Parent’s Day Out

Parents Day Out

On Saturday, December 4, the Staff Development room was filled with an unfamiliar sight: young children running about as teenagers kept careful watch over them.

This was the SGA’s fourth annual Parent’s Day Out, during which members of the SGA look after children up to age nine on a day at the beginning of the Holiday season. The purpose of the event, which started at 9:00 am and ended at noon, was “to give parents a chance to go shopping without kids,” said Ms. Phillips, an SGA sponsor.

This year’s activities included bowling, arts and crafts, a movie, and cookie decoration. “Sugar cookies with icing and sprinkles at nine in the morning is not a good idea,” said Lauryn Coombs (’11), an SGA officer, with a smile. The sugary treats had sent many of the twelve children figuratively bouncing off the walls. Were the kids too much to handle? “No,” said Coombs, “they’re cute.”

“It’s fun to see high school students interacting with the younger kids,” remarked Phillips. The SGA members found themselves at the beck and call of children half their age, attempting to jump rope or play an impromptu game of soccer with a Styrofoam bowling ball. “Sometimes you have to bribe them,” said Coombs as she played a competitive game of Connect Four with a young child.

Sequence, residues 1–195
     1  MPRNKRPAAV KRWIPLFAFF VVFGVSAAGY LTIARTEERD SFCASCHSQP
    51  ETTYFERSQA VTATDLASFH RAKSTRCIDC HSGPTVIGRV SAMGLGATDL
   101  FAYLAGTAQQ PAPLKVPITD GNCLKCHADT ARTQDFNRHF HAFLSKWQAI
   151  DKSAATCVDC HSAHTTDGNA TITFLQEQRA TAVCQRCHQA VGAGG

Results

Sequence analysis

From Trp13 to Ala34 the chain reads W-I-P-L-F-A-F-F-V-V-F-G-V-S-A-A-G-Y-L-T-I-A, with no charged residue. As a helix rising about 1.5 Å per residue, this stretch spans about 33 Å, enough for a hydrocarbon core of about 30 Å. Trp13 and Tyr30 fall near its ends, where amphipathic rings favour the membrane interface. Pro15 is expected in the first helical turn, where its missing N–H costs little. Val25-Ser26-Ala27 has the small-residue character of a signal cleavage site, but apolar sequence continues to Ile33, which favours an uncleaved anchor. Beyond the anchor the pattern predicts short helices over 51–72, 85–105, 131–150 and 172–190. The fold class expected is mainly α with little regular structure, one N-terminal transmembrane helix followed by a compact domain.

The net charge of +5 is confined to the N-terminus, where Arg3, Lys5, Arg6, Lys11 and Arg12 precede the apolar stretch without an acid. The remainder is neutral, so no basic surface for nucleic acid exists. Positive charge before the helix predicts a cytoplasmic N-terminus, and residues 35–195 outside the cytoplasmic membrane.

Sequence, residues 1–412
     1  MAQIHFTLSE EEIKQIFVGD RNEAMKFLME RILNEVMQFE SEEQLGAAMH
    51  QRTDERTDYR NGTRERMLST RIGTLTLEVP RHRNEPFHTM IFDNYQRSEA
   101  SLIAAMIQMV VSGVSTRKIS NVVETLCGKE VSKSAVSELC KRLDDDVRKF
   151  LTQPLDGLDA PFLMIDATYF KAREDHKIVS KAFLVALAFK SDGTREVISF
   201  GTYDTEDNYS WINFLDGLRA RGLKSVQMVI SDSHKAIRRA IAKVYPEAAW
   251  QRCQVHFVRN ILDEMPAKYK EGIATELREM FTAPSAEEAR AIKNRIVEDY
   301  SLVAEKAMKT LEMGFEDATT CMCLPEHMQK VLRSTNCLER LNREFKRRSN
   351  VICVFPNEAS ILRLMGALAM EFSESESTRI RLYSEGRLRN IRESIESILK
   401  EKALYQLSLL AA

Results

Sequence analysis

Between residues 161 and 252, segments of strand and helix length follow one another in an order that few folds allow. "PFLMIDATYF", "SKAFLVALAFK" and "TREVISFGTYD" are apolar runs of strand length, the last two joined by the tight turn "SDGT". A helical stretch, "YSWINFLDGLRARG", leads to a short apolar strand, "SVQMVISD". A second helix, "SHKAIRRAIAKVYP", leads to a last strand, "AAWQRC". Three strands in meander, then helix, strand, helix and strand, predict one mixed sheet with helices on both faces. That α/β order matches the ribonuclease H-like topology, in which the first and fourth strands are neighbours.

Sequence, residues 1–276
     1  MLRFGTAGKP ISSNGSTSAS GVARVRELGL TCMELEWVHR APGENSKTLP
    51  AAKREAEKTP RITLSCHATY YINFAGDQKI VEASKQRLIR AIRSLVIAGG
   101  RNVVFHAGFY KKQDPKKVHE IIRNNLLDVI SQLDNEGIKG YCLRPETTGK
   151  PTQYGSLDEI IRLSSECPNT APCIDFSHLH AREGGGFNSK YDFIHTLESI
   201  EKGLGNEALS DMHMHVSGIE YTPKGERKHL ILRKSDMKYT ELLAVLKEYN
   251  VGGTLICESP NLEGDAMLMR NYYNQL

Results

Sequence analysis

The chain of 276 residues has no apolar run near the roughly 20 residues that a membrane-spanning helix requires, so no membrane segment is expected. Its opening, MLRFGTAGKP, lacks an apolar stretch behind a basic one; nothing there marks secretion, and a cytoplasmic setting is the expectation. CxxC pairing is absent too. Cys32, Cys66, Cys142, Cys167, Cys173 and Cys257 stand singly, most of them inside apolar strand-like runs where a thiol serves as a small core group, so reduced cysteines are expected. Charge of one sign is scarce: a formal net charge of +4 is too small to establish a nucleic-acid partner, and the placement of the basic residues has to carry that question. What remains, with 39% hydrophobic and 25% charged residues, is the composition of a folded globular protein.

Most, if not all, of the participants were children who attend North Point’s Daycare. “I have a good time helping out teachers (and) I think it’s good to give parents a free day because I know things get hectic (at this time of year)” continued Coombs.

In addition to giving parents time to take care of their to-do lists, the SGA students collected canned food donations to benefit families during the holiday season. Parent’s Day Out is just one of the various community service projects that the SGA conducts each year.

At noon, as parents returned to retrieve their young ones, the SGA members and advisors, Mrs. Griffin and Ms. Phillips, found themselves spent from three hours of playing baby-sitter, but found their time well-spent. As Coombs remarked, “kids are pretty cool, you know.”

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